Besides rupturing and possiblilty for cancer, the FDA listed many other reasons a woman may need surgery to remove or replace her silicone implants. These included excessive scarring at the surgical site; infections at the incision sites; a strangle wrinkle occurring inside of the implant to cause a deformed breast; one breast growing noticeably larger than the other and pain.
The FDA also noted that a majority of the women with silicone implants were happy with the way the implants looked and felt. However, they did not know if women who dropped out of silicone breast studies still felt happy with their implants as they were when they first received them. Silicone is often preferred by women to saline injections for breast enhancement because silicone feels more like a real breast. The FDA also reported that many women are educated on the possible risks and complications before they undergo breast enlargement surgery.
Groups like the National Research Center for Women & Families points out that the studies the FDA looked at were questionable at best. 40% of women dropped out of a major decade-long study made by the silicone breast implant manufacturer Allergan. Another three-year study by the manufacturer Mentor division of pharmaceutical giant Johnson & Johnson only ended with 21% of women it started out with.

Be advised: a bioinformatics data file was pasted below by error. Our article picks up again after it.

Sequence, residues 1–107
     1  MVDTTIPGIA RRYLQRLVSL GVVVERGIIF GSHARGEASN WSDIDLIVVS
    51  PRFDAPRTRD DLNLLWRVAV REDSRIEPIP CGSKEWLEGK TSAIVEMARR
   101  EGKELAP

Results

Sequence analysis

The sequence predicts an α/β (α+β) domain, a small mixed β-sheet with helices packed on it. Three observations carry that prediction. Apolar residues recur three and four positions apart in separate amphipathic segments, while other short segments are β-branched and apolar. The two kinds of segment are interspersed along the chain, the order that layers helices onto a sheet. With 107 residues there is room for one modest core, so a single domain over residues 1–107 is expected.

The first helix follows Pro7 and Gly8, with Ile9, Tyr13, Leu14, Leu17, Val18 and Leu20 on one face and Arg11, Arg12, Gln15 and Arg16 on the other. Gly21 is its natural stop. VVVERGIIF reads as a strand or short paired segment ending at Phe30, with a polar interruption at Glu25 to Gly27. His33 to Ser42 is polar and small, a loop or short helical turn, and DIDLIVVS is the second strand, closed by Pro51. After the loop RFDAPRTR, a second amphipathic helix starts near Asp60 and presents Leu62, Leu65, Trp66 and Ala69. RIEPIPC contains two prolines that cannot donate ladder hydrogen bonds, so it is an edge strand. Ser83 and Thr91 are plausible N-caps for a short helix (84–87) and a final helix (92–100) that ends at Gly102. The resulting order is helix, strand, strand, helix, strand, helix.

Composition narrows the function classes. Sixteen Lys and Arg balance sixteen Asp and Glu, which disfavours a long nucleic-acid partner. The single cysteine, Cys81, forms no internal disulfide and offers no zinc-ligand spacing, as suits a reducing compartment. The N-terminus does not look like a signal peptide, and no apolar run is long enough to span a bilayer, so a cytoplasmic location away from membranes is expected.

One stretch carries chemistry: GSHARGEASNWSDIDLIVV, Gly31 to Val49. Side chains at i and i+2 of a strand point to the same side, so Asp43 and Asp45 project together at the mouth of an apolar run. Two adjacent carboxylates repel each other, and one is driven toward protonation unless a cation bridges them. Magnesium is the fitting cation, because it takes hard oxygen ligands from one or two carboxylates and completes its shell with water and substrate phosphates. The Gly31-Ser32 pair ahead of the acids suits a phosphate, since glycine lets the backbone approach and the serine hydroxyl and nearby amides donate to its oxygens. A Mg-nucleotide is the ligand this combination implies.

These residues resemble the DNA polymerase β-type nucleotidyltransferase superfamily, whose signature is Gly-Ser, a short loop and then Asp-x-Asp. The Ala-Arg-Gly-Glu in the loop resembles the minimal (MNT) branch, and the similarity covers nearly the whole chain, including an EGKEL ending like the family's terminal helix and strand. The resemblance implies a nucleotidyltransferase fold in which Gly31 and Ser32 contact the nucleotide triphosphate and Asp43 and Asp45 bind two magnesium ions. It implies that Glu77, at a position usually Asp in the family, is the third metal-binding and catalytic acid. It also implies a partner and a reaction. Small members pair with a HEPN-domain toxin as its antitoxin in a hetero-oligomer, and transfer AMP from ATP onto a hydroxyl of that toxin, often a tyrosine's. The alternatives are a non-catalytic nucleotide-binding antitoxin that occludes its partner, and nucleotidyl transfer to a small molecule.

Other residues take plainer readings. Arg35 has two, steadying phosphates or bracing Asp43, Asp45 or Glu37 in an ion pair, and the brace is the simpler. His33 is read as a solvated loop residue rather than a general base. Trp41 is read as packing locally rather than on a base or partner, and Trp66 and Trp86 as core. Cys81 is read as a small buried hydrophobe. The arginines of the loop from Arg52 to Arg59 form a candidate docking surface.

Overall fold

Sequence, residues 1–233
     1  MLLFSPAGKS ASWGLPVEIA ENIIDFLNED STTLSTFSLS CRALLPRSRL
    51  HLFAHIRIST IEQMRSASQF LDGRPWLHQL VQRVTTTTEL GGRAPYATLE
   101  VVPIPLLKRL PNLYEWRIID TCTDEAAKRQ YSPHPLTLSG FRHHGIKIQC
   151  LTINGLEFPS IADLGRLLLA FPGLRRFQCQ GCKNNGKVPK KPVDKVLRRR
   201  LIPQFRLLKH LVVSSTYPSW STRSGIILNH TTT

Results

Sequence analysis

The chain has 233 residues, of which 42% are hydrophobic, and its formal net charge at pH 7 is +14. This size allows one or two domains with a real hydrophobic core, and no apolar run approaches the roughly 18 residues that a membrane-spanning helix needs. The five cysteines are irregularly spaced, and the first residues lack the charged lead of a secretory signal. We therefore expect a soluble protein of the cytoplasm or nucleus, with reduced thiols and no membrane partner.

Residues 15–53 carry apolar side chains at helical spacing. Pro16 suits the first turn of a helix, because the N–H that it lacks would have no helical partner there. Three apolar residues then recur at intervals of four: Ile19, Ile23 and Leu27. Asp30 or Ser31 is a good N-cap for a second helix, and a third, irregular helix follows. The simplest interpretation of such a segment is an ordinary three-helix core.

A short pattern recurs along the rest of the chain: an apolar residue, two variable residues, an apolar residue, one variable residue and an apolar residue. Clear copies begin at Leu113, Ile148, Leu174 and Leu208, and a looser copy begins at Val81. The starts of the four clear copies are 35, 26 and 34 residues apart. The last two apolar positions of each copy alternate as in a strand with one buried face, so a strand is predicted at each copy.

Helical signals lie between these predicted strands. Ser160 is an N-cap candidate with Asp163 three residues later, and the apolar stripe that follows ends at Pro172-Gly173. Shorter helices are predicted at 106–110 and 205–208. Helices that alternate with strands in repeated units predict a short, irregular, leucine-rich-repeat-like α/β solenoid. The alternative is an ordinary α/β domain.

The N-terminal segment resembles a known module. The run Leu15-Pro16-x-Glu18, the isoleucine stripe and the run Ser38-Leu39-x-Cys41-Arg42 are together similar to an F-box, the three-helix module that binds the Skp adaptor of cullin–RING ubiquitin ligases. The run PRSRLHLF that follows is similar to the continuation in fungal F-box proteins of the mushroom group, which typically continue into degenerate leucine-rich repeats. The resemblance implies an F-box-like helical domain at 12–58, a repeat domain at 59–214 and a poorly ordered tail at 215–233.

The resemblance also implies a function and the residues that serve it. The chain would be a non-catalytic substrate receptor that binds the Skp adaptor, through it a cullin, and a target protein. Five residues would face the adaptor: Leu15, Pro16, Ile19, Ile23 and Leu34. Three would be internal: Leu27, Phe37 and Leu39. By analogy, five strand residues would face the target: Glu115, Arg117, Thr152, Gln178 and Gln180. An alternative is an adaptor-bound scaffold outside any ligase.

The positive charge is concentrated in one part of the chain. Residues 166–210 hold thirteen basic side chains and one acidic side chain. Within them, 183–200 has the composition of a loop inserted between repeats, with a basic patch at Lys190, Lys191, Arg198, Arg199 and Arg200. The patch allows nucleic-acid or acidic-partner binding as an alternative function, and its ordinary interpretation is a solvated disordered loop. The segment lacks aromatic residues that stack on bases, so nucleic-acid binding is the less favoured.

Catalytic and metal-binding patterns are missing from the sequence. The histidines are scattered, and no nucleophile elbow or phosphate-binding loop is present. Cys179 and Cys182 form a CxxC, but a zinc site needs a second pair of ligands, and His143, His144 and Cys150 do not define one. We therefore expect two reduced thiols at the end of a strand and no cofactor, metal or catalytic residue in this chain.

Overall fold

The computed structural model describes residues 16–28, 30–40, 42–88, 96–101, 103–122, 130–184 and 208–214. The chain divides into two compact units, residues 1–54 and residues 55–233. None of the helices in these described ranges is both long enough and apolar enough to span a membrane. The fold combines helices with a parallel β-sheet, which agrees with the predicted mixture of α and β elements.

Because of these high drop-out rates, the National Research Center for Women & Families recommends that women ignore the FDA’s new warning about silicone implants. Many of the women who chose to drop out of studies did so because of other health problems that may not have anything to do with breast implants. Out of an estimated 5 to 10 million women who received implants from 1997 - 2010, only 60 were diagnosed with anaplastic large-cell lymphoma. An estimated 3,000 Americans are diagnosed with the cancer each year.
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